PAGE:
Online Test Banks
Score higher
See Online Test Banks
eLearning
Learning anything is easy
Browse Online Courses
Mobile Apps
Learning on the go
Explore Mobile Apps
Dummies Store
Shop for books and more
Start Shopping

When to Use the switch Statement to Program HTML with JavaScript

Although the if statement is commonly used for simple choices in JavaScript, the switch statement is used to handle a range of choices. A switch provides an elegant way to handle variable data. There are two forms of switch statement.

The first provides the means for working with a predefined range of choices, and the second provides the means for working with data that could contain unexpected information. This second form makes the switch statement particularly useful because users are unpredictable, and this second form can take such users into account.

How to create a basic switch in JavaScript

Many developers prefer switch statements over nested if statements because the switch statements are easier to understand. A switch statement also requires less typing to obtain the same result.

function CheckChoice(option)
{
  // Verify that the input is a number.
  if (typeof(option) != "number")
  {
   // Display an error dialog.
   alert("Please provide numeric input!");
  
   // Return without doing anything more.
   return;
  }
 
  // Ensure that option is actually an integer.
  var Select = Math.round(option);
 
  // Verify that the input is in range.
  if ((Select < 1) || (Select > 3))
  {
   // Display an error dialog.
   alert("The value supplied is out of range!");
  
   // Return without doing anything more.
   return;
  }
 
  // Make a selection.
  switch (Select)
  {
   case 1:
     document.getElementById("Result").innerHTML =
      "You chose Item A.";
     break;
   case 2:
     document.getElementById("Result").innerHTML =
      "You chose Item B.";
     break;
   case 3:
     document.getElementById("Result").innerHTML =
      "You chose Item C.";
     break;
  }
}

Whether you use a switch statement or nested if statement, you need to provide logic to ensure that the input is correct, or else your application most likely will fail. In this case, failure equates to the application doing nothing at all, but the concept of failure is the same. Always check your inputs for correct values.

Some people have a hard time understanding where the truth value lies in the switch statement. The switch statement requires a variable, which is Select in this case. Each case clause performs a comparison against the variable. Consequently, you could see the first case clause as saying, case Select == 1.

When working with switch statements, you must also include a break statement at the end of each processing segment. The break statement simply says that the case has been evaluated and handled.

If you leave the break statement out, the code continues with the next executable statement in the next case. This condition is known as fall-through, and some developers use it as a programming technique to combine tasks and reduce the amount of code required. Using this technique is dangerous because other developers may not realize that the fall-through is required and therefore may add a break statement for you.

How to use JavaScript’s default option

The switch statement includes another clause, the default clause. The default clause is like the else clause for the if statement. When none of the case clauses are true, the code executes the code in the default clause. The following example uses the default clause to modify the way in which the example works.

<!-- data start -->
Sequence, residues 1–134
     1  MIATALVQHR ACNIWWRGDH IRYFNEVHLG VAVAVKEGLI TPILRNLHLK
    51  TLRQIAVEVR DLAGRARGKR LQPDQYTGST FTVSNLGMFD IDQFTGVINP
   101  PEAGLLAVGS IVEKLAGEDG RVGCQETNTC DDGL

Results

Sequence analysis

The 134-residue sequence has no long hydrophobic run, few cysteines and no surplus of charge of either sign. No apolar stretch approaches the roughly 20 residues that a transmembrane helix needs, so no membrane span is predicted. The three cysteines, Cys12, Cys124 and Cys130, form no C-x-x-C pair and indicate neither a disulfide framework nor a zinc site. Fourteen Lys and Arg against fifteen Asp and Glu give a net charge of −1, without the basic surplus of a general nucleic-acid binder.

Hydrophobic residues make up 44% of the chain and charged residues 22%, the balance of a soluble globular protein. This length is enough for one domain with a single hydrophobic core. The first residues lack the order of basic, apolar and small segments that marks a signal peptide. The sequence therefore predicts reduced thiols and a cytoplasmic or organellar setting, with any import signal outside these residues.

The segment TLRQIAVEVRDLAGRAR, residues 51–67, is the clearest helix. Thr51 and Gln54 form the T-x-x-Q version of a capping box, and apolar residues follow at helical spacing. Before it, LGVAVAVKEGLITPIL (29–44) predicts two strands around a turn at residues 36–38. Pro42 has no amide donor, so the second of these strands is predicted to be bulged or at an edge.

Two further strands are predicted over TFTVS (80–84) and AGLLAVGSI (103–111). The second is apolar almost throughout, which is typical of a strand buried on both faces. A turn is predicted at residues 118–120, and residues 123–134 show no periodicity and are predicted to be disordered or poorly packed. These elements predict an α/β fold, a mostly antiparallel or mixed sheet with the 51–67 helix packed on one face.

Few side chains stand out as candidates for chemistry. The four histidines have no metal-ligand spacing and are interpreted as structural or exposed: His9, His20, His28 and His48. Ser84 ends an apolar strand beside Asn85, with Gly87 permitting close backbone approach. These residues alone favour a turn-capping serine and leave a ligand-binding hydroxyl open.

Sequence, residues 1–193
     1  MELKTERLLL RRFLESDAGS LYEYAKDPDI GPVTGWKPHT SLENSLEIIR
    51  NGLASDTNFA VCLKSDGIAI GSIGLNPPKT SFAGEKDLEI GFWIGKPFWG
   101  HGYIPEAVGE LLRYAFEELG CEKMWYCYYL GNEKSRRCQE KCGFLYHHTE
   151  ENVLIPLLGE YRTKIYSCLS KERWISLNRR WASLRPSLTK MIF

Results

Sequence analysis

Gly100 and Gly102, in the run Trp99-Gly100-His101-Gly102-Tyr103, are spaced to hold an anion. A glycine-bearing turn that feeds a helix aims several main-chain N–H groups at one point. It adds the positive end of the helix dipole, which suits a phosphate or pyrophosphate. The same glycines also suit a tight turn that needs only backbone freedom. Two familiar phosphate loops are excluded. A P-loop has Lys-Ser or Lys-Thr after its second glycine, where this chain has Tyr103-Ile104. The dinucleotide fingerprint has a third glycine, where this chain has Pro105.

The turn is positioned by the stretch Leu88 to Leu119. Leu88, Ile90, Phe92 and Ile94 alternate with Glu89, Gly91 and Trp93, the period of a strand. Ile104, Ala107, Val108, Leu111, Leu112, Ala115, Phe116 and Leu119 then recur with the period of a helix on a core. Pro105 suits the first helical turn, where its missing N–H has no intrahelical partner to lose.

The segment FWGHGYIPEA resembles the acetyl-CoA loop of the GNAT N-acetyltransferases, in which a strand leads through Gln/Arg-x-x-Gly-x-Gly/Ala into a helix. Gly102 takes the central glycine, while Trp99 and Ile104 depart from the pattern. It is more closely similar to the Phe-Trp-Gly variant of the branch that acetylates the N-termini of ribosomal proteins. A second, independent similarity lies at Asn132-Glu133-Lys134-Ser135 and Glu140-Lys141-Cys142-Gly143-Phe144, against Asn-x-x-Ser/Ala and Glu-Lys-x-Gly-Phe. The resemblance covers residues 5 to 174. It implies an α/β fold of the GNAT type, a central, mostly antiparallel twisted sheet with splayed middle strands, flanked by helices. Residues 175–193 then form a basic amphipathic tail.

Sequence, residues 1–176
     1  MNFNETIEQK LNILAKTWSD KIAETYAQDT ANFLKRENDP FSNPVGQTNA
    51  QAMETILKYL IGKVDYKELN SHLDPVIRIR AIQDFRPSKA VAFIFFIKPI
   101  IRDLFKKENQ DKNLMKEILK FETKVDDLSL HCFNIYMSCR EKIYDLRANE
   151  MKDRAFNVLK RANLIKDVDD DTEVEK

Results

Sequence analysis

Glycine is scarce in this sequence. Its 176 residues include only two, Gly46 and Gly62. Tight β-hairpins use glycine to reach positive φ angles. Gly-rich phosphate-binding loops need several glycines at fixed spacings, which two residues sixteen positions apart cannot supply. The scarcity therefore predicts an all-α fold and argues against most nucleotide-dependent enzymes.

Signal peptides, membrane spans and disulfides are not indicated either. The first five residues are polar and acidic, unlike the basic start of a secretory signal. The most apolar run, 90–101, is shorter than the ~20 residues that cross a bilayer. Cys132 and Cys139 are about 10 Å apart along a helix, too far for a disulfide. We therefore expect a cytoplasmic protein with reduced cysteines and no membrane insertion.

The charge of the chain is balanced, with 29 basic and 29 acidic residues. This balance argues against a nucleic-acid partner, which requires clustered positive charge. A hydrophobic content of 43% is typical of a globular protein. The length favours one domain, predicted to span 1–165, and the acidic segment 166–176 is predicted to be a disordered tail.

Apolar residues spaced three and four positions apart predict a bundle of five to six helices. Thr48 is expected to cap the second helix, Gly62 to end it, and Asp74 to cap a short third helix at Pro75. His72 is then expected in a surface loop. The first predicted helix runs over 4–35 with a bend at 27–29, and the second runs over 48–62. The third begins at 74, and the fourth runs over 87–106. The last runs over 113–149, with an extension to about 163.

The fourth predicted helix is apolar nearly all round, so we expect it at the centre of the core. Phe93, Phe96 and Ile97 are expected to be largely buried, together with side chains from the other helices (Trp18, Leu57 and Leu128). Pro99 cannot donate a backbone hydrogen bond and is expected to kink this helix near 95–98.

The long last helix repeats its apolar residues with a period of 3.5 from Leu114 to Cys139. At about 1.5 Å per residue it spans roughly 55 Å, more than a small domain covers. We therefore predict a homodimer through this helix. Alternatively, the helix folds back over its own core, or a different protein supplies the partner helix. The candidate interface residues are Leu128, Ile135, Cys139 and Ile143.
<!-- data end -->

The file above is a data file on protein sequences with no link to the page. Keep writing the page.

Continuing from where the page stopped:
function MakeAChoice()
{
  // Ask the user to provide input.
  var Selection = prompt("Type a menu option.");
  // Convert the string to a number.
  var IntSelect = parseInt(Selection);
  // Verify the user has provided a number.
  if (isNaN(IntSelect))
  {
   // Display an error dialog.
   alert("Please provide numeric input!");
  
   // Return without doing anything more.
   return;
  }
  // Call the selection function.
  CheckChoice(IntSelect);
}

Instead of providing myriad buttons, this example relies on the prompt() dialog box to obtain input from the user. The result is the cleaner interface. When the user clicks Choose a Menu Item, the application displays a prompt() dialog box, where the user can enter a value.

image0.jpg

You might think that this is a recipe for disaster, but the application performs the same checks for input validity as before, but it uses a different technique.

In this case, the application uses partInt() to verify that the input is a number and to convert the number to an integer value. When the input is incorrect, IntSelect is set to Not a Number (NaN). The example detects this issue by using the isNaN() function. When a user does provide a numeric input, the application calls CheckChoice(), which is shown in the following code:

function CheckChoice(option)
{
  // Make a selection.
  switch (option)
  {
   case 1:
     document.getElementById("Result").innerHTML =
      "You chose Item A.";
     break;
   case 2:
     document.getElementById("Result").innerHTML =
      "You chose Item B.";
     break;
   case 3:
     document.getElementById("Result").innerHTML =
      "You chose Item C.";
     break;
   default:
     // Display an error dialog.
     alert("The value supplied is out of range!");
     break;
  }
}

You may be wondering where the rest of the code is, but this is all you need. The switch statement checks for values of 1, 2, or 3. When the values are outside that range, the code uses the default clause, which contains the out-of-range error message. As you can see, these two functions make the tasks of working with the menu a lot simpler for both developer and user.

  • Add a Comment
  • Print
  • Share
blog comments powered by Disqus
Advertisement

Inside Dummies.com

Dummies.com Sweepstakes

Win $500. Easy.